Recently FlightAware released a new RTL-SDR dongle sold at zero profit at $16.95 USD. It’s main feature is that it comes with an ADS-B optimized low noise amplifier (LNA) built directly into the dongle. FlightAware.com is a flight tracking service that aims to track aircraft via many volunteer ADS-B contributors around the world who use low cost receivers such as the RTL-SDR. In this post we will review their new dongle and hopefully at the same time provide some basic insights to LNA positioning theory to show in what situations this dongle will work well.
A good LNA has a low noise figure and a high IIP3 value. Here is what these things mean.
The FlightAware team have today announced the release of the “ProStick”, an RTL-SDR dongle that they write has been modified for improved ADS-B reception. The new FlightAware RTL-SDR’s main defining feature is that it comes with a built in low noise amplifier (LNA) on the front end. The built in LNA is optimized for the ADS-B frequency of 1090 MHz and has 19 dB of gain with a 0.4 dB noise figure and an OIP3 of +39dB. They claim that the new unit will give a 20-100% performance boost in terms of range for Mode S reception when compared to a standard RTL-SDR.
As the increased gain and amplifier non-linearities can cause overload and intermodulation to more easily occur, the FlightAware team stresses that you must use the new device with a 1090 MHz filter, such as their FlightAware filter. In a previous post we reviewed the FlightAware filter and antenna and found that they performed very well and are great value for money.
So far we haven’t seen any circuit photos or news about which LNA chip has been used, but we intend buy a unit and do a review when it arrives.
One criticism about this unit that we can already see is that it should be understood that good RF design teaches us to always place the LNA as close to the antenna as possible to overcome cable loss and keep the noise figure low. Placing the LNA at the antenna vs at the receiver makes a huge difference in performance, depending on how long and lossy your coax cable run is. Furthermore, integrating an LNA into the receiver ruins the system for optimal performance with an LNA placed by the antenna due to the reduced linearity caused by the additional internal LNA. The post at http://ava.upuaut.net/?p=836 explains optimal LNA placement very well. We think that perhaps selling an external LNA and bias tee module would have been a significantly better idea to optimize ADS-B reception. However, the additional LNA should help to reduce the noise figure of the dongle by a few dBs which will result in improved ADS-B reception as long as signal saturation does not occur.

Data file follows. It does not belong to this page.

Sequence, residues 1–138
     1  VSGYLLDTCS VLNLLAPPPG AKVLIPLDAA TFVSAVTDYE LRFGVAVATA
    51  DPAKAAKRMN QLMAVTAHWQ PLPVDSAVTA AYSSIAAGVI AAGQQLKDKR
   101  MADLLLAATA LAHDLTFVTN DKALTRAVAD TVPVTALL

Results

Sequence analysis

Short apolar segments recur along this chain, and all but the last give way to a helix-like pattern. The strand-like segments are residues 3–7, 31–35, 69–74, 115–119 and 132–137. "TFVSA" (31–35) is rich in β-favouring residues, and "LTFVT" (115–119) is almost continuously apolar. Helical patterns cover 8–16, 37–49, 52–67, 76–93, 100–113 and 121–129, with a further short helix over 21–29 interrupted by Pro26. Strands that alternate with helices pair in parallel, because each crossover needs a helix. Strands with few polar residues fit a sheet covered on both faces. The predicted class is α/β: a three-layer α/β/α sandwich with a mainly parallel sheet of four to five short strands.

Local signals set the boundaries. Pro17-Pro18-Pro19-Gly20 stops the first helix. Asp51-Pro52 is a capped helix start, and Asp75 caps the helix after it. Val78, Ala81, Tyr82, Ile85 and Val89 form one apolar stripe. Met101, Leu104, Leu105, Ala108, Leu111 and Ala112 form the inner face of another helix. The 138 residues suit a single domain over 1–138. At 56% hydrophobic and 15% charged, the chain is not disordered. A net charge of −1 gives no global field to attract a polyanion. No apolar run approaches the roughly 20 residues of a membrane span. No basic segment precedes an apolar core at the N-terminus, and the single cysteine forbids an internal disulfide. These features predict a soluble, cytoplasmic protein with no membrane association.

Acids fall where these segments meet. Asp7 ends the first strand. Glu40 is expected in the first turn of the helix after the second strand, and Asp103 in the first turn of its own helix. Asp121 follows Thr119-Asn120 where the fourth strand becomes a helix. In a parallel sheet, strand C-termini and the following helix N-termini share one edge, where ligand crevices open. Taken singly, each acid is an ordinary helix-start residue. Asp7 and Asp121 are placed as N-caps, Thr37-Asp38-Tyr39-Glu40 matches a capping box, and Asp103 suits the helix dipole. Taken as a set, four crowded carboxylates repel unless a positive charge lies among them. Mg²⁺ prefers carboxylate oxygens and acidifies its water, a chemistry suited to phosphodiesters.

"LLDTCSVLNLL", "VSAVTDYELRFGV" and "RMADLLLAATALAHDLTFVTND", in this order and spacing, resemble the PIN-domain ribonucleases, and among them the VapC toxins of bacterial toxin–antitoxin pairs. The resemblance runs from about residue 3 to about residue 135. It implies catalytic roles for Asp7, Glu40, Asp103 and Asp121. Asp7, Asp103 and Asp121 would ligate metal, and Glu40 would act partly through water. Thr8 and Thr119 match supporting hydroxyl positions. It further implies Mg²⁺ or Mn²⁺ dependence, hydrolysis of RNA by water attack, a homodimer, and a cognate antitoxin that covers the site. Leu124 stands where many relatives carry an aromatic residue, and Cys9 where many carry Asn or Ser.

In this post we will review the FlightAware ADS-B Antenna and their 1090 MHz band pass filter. The FlightAware ADS-B antenna is claimed to have 5.5 dBi of gain, a rugged weatherproof radome and N-type female connector. It costs $44.95 USD on Amazon for US customers and $54.95 USD on eBay for international customers (plus shipping). They write that they are selling this antenna at cost in order to improve FlightAware coverage.